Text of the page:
Thursday, November 18, 2010

Shannon McNally & Hot Sauce and Scrapomatic at Iota

I returned to the Iota for Shannon McNally & Hot Sauce, a band of Mississippi folks (natives and transplants) and one Arkansas boy.  We stayed on for Scrapomatic, a duo +1 from Minneapolis with some groovy vocal hops, skips, jumps and harmonies.  Great show, only slightly marred by annoying drunk guy at the end of Scrapomatic (note to drunks: if you're grooving on the music, feel free to sway, but please don't yell. Their music rocks. Your silence is golden.). 

Shannon McNally was one of many female vocalists on a music compilation CD provided to me by a friend for a road trip, and was one (of many on that CD) that I picked out as a particular favorite.  McNally's voice is husky and twangy, somewhere between blues and country, full, not thin or wispy.  She's got some grit to her.  And she can, as my friend pointed out, "really wail on that guitar."  Yup.  Backing her up, the uber talented Hot Sauce, Jake Fussell on the bass (in my mind, "the groovin' guy in the hat"), Eric Deaton on guitar ("long-haired dude with crazy fast fingers"), Wallace Lester on drums ("dude who makes weird expressions, including rolling his eyes") and someone who may remain The Nameless Guy from Arkansas on the guitar/mandolin/fiddle/everything ("earnest and multitalented young-un with a great head bob").  They played, I am pleased to say, a couple of songs I actualy knew, since I'd listened to the CD and done a little poking around before the show, including "The Worst Part of  Broken Heart" and "Jack B Nimble."  "My True Possession" and "High" (which she introduced as "not about smoking pot, no matter what you might have heard") gave a taste of the new album out in January, Western Ballad. But there played some wayback songs too, including ending with "Bolder than Paradise" off the first album, Jukebox Sparrows.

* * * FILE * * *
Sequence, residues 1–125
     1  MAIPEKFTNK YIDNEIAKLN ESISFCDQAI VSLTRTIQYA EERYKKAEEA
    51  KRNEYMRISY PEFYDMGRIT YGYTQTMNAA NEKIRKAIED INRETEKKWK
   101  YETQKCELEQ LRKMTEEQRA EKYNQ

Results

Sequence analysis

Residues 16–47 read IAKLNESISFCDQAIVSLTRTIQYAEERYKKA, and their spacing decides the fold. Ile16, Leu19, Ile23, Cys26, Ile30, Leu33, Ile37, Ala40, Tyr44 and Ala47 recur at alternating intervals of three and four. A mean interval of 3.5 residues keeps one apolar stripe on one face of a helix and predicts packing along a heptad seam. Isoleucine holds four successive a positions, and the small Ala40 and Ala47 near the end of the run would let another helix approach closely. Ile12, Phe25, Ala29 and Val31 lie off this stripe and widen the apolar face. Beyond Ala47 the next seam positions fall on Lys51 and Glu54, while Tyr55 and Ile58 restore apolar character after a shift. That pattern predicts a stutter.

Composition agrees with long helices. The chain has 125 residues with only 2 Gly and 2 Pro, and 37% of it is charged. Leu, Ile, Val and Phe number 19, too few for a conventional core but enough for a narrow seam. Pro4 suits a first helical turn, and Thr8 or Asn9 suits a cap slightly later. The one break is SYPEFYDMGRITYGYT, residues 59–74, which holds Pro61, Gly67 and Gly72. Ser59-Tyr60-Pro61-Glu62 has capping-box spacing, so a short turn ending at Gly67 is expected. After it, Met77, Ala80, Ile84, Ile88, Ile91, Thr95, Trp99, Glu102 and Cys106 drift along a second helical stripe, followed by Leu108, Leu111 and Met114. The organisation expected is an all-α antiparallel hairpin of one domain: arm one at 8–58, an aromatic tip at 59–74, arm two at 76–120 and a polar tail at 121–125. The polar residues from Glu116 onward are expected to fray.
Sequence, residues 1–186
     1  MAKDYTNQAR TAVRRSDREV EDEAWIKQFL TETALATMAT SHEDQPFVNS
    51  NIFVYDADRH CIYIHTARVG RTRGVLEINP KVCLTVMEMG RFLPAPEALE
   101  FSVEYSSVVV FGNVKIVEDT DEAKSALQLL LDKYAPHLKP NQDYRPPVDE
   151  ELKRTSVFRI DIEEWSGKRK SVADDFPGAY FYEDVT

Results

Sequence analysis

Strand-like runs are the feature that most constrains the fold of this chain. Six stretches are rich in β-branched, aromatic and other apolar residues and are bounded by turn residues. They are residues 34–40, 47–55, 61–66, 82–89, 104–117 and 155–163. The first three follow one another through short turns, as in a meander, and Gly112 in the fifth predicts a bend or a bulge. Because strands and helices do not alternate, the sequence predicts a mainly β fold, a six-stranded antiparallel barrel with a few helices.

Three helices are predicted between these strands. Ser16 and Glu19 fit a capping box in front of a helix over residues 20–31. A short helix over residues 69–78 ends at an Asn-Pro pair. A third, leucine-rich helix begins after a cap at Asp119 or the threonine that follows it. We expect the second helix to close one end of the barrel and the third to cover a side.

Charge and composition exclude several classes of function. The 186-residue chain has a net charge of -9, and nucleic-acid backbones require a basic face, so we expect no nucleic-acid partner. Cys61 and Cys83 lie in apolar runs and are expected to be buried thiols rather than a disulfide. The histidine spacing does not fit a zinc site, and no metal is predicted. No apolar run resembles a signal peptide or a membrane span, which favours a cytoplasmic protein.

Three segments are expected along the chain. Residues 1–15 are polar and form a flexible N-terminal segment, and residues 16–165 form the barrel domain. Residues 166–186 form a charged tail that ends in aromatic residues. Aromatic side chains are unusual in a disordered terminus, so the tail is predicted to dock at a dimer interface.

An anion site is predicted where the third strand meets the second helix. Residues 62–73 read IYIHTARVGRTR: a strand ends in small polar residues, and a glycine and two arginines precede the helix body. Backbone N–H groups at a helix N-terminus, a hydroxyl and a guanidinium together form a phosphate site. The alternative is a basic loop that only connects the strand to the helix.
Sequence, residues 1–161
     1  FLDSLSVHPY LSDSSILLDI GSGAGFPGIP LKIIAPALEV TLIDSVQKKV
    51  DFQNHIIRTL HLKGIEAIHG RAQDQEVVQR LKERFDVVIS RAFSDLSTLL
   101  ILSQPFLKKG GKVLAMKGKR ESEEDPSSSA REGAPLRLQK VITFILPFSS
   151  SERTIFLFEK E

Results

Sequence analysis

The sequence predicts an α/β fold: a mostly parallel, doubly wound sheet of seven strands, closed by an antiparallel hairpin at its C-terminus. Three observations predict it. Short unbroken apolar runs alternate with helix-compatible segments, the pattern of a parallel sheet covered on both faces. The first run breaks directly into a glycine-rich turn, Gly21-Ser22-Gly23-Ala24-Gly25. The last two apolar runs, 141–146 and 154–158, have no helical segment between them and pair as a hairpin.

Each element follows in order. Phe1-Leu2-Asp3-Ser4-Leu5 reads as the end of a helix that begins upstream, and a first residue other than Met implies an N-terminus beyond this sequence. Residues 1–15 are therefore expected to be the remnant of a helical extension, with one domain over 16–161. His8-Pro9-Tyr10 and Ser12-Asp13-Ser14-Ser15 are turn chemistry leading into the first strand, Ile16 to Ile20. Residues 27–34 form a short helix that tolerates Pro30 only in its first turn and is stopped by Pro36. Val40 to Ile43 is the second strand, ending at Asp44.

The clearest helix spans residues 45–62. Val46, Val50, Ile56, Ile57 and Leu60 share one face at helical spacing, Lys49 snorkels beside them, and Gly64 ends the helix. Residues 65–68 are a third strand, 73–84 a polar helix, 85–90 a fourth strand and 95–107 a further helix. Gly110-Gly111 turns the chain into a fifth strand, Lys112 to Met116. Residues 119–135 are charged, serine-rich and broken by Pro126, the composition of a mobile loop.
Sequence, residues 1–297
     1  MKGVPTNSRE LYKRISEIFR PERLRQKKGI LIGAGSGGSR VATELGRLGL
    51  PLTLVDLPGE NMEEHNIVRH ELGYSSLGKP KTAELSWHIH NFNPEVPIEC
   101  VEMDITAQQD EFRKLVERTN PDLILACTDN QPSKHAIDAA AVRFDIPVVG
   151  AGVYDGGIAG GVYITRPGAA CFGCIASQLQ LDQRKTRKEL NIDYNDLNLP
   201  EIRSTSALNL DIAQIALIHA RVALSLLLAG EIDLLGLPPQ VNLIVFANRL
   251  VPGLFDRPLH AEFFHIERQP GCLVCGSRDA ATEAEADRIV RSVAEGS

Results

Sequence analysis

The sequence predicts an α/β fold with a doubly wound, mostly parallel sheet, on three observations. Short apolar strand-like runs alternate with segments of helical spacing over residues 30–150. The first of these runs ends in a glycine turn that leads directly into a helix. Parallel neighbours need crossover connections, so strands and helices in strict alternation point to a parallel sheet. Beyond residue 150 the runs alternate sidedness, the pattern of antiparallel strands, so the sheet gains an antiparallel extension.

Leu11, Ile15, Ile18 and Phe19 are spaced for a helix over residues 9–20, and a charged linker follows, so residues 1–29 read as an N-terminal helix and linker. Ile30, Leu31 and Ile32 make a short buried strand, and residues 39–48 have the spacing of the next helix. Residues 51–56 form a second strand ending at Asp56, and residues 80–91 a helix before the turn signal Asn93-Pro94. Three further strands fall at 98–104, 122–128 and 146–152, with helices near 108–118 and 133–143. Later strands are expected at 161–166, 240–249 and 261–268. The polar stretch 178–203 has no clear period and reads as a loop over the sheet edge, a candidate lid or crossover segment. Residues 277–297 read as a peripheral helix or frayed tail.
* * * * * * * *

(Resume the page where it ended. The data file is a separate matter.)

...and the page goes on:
The song I'm most obsessed with that the moment though is "I Don't Wanna Know," a cover of the Bobby Charles song.  A great heartbreaker: "Please don't make me go/to New Orleans no more/ Because I am so afraid/ I might see his face/ and that I couldn't take." She nailed the longing right on.  Bobby Charles passed away last January.  You may know him as the songwriter who penned, "See You Later, Alligator."

And then Scrapomatic, who immediately won my favor by announcing that they were the "most polite band," which, given the Minnesota influence, is not surprising.  After the next song, they thought perhaps they might storm a record producer's office, which was perhaps less polite, but funny.  Mike Mattison has a voice that just grabs you, totally original, breathy to scat, unexpected up and down ranges, clapping and inviting you in. Paul Olsen zips around that voice with his own tenor and guitar, fluid and fun.  Hip-swinging blues tunes that will make you smile or cry or both.  Can't say you hear a lot of songs about a double murderer either

Of other minor note, we inadvertently managed to sit in the musicians section (oops).  Nobody kicked us off the bench, but we kept getting smiling looks from Shannon as The Next Band Up.  I think she was amused.

So.  The quest into music, and into the art world at large, continues.  Rock on.  More music on tap for next week, assuming I get myself organized on details like tickets, etc.  I'm unlikely to ever be able to provide great insight into musical talents and trends, musical theory, etc., but it feels good to be out in the world, sucking in some art, basking in melody and passion.

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